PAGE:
My Curse (<– thanks autocorrect for fixing that) and I have coexisted for 101,000 uneasy miles so far. When the stay at home order is lifted, we will resume our relationship. Until then, it sure looks good in the driveway.

    • 0 avatar

      When I had my Caddy, I LOVED the Traction Control light. All sorts of things having nothing to do with ABS or TC can trigger it…MAF sensors/throttle bodies for example..

      I never needed a code reader before my GM experience, and it has stayed in my toolbox since.

  • avatar
    R Henry

    Wow….I did not know a new car could be purchased without A/C, nor did I know GM could make rear disk brakes fail in fewer than 50k miles. A talented bunch those GM bean counters….!

    • 0 avatar
      Scoutdude

      Because Canada.

      Canadians have been known to be cheap and many don’t feel A/C is necessary in their climate, so some mfgs offer cars w/o A/C that in the US A/C is standard.

      The brakes are due to salt.

      • 0 avatar
        NormSV650

        I was going to say a good dose of anti seize on those lug nuts never let me down in south of Lake Erie.

      • 0 avatar
        Tele Vision

        @Scoutdude

        Americans have been known to be utter morons with regard to geography and massive proponents of jingoism. Ever heard of Alaska? How about Maine? New York ring a bell? Michigan, maybe? They all get cold, too, with plenty of salt. Nearly every car sold in Canada has A/C, these days. Educate yourself before writing in public, as fat; drunk; and stupid is no way to go through life. Enjoy your Trumpian nightmare. It’s a great watch from up here.

        • 0 avatar
          Featherston

          @ Tele Vision – I think you’re inferring malice in Scoutdude’s comment that isn’t there. I think he just meant “cheap” in a neutral way, i.e. “frugal” or “thrifty.” And if his impression is mistaken, you can probably blame a Canadian website: https://www.thetruthaboutcars.com/2013/06/quebecs-obsession-with-no-frills-cars/

          I get it: Most people are, at best, stir crazy at this point from shelter-in-place, myself included. And that’s a best-case scenario that doesn’t involve illness or unemployment. But it helps not to pick fights when no one else is seeking one.

          Furthermore, Scoutdude’s not wrong in his answer to R Henry’s question:
          – Scoutdude was making a point about Canadian *summer* weather. You responded with a rather inapt comparison to US *winter* weather. Population centers in the US *are* warmer on aggregate than population centers in Canada. If that’s the utter moron’s understanding of things, well, then it’s a case where the utter moron is correct. And no, snowbirds’ homes in Florida don’t count as Canadian territory. The typical Canadian in the typical Canadian climate is going to have less use for a/c than the typical American in the typical American climate. There’s no socioeconomic or political judgment there; it’s just a matter of average temperatures.
          – The point Scoutdude was making more succinctly than I will is this: By and large, there aren’t regional trim levels for cars sold in the States. The manufacturers have decided that even the thrifty buyer in Tampa or Phoenix will demand a/c and that it’s no longer cost-effective to offer a no-a/c US version. As such, the thrifty buyer in Seattle or Traverse City or Montpelier is going to get a/c in his new base-trim car, whether he wants to pay for it or not and even though those places are cooler in the summer than Toronto or Windsor. (This wasn’t always the case. My family used to own a no-a/c vehicle – ’94 model year, originally sold by a dealer in northern New York State. But that’s the most recent one I’ve seen.)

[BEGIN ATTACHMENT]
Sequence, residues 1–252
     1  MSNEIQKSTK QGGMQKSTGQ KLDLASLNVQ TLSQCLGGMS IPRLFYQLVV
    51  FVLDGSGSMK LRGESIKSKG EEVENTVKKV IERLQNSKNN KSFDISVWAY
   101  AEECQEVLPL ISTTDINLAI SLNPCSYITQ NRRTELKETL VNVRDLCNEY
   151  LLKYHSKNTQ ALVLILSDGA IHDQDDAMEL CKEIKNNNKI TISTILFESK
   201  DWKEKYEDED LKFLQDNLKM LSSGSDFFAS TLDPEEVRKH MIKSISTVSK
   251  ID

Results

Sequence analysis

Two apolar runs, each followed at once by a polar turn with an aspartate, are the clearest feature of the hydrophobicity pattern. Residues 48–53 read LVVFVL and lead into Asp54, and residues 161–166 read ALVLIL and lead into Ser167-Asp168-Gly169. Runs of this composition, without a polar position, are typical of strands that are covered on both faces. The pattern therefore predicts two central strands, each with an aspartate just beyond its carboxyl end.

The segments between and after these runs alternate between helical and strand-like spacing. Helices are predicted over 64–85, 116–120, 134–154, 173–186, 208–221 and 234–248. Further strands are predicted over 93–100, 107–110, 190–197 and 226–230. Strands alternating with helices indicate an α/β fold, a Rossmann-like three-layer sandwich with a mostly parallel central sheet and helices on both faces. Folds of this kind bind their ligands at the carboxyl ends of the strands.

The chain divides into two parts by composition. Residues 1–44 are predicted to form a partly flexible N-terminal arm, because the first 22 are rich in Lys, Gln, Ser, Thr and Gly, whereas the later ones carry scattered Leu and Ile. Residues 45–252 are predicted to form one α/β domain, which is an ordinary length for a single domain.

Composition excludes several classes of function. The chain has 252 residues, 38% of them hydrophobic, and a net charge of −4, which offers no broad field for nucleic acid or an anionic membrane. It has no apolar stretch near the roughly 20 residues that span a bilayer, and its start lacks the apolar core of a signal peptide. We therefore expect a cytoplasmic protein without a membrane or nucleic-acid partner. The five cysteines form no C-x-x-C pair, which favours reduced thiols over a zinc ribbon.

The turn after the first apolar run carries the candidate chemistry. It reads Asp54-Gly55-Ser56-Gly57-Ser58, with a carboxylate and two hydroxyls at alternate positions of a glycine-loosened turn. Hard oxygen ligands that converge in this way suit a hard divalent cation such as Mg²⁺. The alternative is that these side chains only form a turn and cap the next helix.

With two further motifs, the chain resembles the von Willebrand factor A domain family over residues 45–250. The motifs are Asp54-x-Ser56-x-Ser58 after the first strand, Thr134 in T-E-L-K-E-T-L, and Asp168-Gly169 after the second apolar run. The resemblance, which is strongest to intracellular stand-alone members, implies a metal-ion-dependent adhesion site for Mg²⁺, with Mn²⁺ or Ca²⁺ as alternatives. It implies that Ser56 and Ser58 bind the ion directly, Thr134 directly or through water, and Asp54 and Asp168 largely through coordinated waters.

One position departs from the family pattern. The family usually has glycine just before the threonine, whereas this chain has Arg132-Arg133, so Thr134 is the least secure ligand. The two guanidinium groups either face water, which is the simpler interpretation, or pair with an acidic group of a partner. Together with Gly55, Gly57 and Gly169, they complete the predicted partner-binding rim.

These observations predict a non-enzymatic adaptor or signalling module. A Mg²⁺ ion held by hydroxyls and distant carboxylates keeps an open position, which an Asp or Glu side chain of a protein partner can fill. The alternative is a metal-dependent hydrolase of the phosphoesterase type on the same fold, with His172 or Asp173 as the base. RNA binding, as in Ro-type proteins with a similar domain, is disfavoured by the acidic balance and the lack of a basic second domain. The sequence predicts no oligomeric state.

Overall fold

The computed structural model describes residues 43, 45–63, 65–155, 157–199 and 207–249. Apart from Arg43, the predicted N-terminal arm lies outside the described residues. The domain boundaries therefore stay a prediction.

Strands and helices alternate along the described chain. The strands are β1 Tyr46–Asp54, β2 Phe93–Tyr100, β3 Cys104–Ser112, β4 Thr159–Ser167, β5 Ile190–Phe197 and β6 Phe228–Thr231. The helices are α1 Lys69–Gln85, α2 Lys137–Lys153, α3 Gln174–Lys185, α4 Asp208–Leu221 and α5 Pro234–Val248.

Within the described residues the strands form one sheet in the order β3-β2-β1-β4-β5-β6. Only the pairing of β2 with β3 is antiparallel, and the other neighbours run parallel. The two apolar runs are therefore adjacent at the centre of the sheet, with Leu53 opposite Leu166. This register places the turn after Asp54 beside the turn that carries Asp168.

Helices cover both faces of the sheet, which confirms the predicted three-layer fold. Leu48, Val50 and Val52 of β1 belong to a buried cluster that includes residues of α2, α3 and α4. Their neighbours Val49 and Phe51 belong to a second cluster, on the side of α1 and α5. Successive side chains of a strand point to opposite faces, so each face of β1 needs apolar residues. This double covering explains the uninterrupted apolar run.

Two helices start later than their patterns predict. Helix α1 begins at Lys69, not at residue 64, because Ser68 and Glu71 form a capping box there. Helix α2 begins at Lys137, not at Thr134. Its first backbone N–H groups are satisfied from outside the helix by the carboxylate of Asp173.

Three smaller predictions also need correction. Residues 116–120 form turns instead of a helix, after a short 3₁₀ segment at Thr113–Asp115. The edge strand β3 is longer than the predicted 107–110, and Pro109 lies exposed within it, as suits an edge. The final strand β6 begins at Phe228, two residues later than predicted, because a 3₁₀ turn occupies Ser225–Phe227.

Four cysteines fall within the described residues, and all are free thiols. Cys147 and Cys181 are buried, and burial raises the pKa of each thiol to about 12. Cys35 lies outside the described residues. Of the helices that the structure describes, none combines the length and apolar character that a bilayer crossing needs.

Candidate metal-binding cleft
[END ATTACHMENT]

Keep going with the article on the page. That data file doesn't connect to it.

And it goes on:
– Per Steph’s review, the Canadian-market 2018 Cruze L’s didn’t have a/c; US-market 2018 Cruze L’s *did* have a/c. See http://www.chevrolet.com/content/dam/chevrolet/na/us/english/index/shopping-tools/download-catalog/02-pdf/2018-chevrolet-cruze-catalog.pdf, p 26. (The wording says “climate control, but “air conditioning” is implied since all five trim levels are indicated as having the same feature.)

          So, fairly reasonable question from R Henry and fairly reasonable answer from Scoutdude, at least in my opinion.

          • 0 avatar
            Scoutdude

            Thank you, I never said they didn’t use salt in the winter in the US. Like you mentioned there are lots of places in the US w/o salt and relatively few place where they don’t use it in Canada.

            Canadians buying low trim level cars and GM and other mfgs offering unique products for that market goes back decades. They got a 1977 Bel Air, while the Impala became the base model in the US that year. It is also why Pontiac was the other low priced brand with the full size cars riding on Chevy chassis powered by Chevy engines. Pontiac dealers also offered the Acadian, Beaumont and T1000, lightly disguised Chevies, to round out their offerings in the low priced field.

          • 0 avatar
            Art Vandelay

            Tele Vision is just another internet @$$hat trying to stir the pot. Any sane person realizes what was intended…he/she is just looking to be offended by something.

        • 0 avatar
          MeJ

          @Tele Vision
          As a fellow Canadian I salute everything you said.

        • 0 avatar
          Scoutdude

          Maybe I should have used frugal instead of cheap. Regardless the fact remains that mfgs do offer different equipment levels tailored to the market where the car will be sold. So yeah most cars may have A/C in Canada but GM felt the need to offer this w/o it, in Canada, while it is standard in the US.

        • 0 avatar
          bufguy